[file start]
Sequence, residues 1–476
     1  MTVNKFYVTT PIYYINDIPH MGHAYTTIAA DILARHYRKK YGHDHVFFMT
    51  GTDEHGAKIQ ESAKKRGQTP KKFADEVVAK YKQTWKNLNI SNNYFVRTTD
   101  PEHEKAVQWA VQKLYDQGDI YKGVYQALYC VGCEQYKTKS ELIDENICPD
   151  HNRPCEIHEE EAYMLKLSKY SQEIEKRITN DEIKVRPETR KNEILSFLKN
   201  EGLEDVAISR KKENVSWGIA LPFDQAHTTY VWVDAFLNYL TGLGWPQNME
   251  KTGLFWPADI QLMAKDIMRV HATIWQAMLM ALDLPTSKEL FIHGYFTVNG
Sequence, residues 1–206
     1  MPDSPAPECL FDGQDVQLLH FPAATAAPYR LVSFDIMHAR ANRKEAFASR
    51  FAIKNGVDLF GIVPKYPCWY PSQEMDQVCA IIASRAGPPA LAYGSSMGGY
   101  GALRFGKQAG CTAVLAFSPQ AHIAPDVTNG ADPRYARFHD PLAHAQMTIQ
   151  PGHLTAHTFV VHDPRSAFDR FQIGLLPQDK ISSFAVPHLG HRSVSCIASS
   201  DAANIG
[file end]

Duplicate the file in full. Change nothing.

Sequence, residues 1–476
     1  MTVNKFYVTT PIYYINDIPH MGHAYTTIAA DILARHYRKK YGHDHVFFMT
    51  GTDEHGAKIQ ESAKKRGQTP KKFADEVVAK YKQTWKNLNI SNNYFVRTTD
   101  PEHEKAVQWA VQKLYDQGDI YKGVYQALYC VGCEQYKTKS ELIDENICPD
   151  HNRPCEIHEE EAYMLKLSKY SQEIEKRITN DEIKVRPETR KNEILSFLKN
   201  EGLEDVAISR KKENVSWGIA LPFDQAHTTY VWVDAFLNYL TGLGWPQNME
   251  KTGLFWPADI QLMAKDIMRV HATIWQAMLM ALDLPTSKEL FIHGYFTVNG
Sequence, residues 1–206
     1  MPDSPAPECL FDGQDVQLLH FPAATAAPYR LVSFDIMHAR ANRKEAFASR
    51  FAIKNGVDLF GIVPKYPCWY PSQEMDQVCA IIASRAGPPA LAYGSSMGGY
   101  GALRFGKQAG CTAVLAFSPQ AHIAPDVTNG ADPRYARFHD PLAHAQMTIQ
   151  PGHLTAHTFV VHDPRSAFDR FQIGLLPQDK ISSFAVPHLG HRSVSCIASS
   201  DAANIG